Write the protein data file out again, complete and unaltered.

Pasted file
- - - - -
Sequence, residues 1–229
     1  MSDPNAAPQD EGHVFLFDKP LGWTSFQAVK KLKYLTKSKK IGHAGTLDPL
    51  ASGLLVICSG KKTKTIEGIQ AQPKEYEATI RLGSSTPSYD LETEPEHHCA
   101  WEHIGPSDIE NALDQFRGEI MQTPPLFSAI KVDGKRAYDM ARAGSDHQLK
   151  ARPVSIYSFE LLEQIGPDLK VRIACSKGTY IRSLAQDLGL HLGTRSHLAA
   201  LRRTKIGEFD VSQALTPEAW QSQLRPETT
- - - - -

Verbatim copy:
Sequence, residues 1–229
     1  MSDPNAAPQD EGHVFLFDKP LGWTSFQAVK KLKYLTKSKK IGHAGTLDPL
    51  ASGLLVICSG KKTKTIEGIQ AQPKEYEATI RLGSSTPSYD LETEPEHHCA
   101  WEHIGPSDIE NALDQFRGEI MQTPPLFSAI KVDGKRAYDM ARAGSDHQLK
   151  ARPVSIYSFE LLEQIGPDLK VRIACSKGTY IRSLAQDLGL HLGTRSHLAA
   201  LRRTKIGEFD VSQALTPEAW QSQLRPETT